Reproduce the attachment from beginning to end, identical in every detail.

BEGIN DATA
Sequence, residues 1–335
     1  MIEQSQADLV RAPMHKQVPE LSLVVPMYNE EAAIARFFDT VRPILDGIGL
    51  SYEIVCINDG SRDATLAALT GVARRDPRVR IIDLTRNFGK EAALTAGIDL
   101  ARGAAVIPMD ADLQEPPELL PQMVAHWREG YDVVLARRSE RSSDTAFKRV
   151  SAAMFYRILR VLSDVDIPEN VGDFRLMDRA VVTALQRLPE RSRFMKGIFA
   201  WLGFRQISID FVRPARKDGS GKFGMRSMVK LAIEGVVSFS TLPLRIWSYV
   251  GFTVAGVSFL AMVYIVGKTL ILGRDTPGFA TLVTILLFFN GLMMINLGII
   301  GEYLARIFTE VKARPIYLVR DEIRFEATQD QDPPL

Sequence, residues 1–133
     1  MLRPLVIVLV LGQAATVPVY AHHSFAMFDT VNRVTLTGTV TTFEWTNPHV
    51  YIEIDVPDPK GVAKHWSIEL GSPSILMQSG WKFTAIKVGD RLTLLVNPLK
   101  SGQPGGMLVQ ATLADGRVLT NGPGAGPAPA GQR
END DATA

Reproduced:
Sequence, residues 1–335
     1  MIEQSQADLV RAPMHKQVPE LSLVVPMYNE EAAIARFFDT VRPILDGIGL
    51  SYEIVCINDG SRDATLAALT GVARRDPRVR IIDLTRNFGK EAALTAGIDL
   101  ARGAAVIPMD ADLQEPPELL PQMVAHWREG YDVVLARRSE RSSDTAFKRV
   151  SAAMFYRILR VLSDVDIPEN VGDFRLMDRA VVTALQRLPE RSRFMKGIFA
   201  WLGFRQISID FVRPARKDGS GKFGMRSMVK LAIEGVVSFS TLPLRIWSYV
   251  GFTVAGVSFL AMVYIVGKTL ILGRDTPGFA TLVTILLFFN GLMMINLGII
   301  GEYLARIFTE VKARPIYLVR DEIRFEATQD QDPPL

Sequence, residues 1–133
     1  MLRPLVIVLV LGQAATVPVY AHHSFAMFDT VNRVTLTGTV TTFEWTNPHV
    51  YIEIDVPDPK GVAKHWSIEL GSPSILMQSG WKFTAIKVGD RLTLLVNPLK
   101  SGQPGGMLVQ ATLADGRVLT NGPGAGPAPA GQR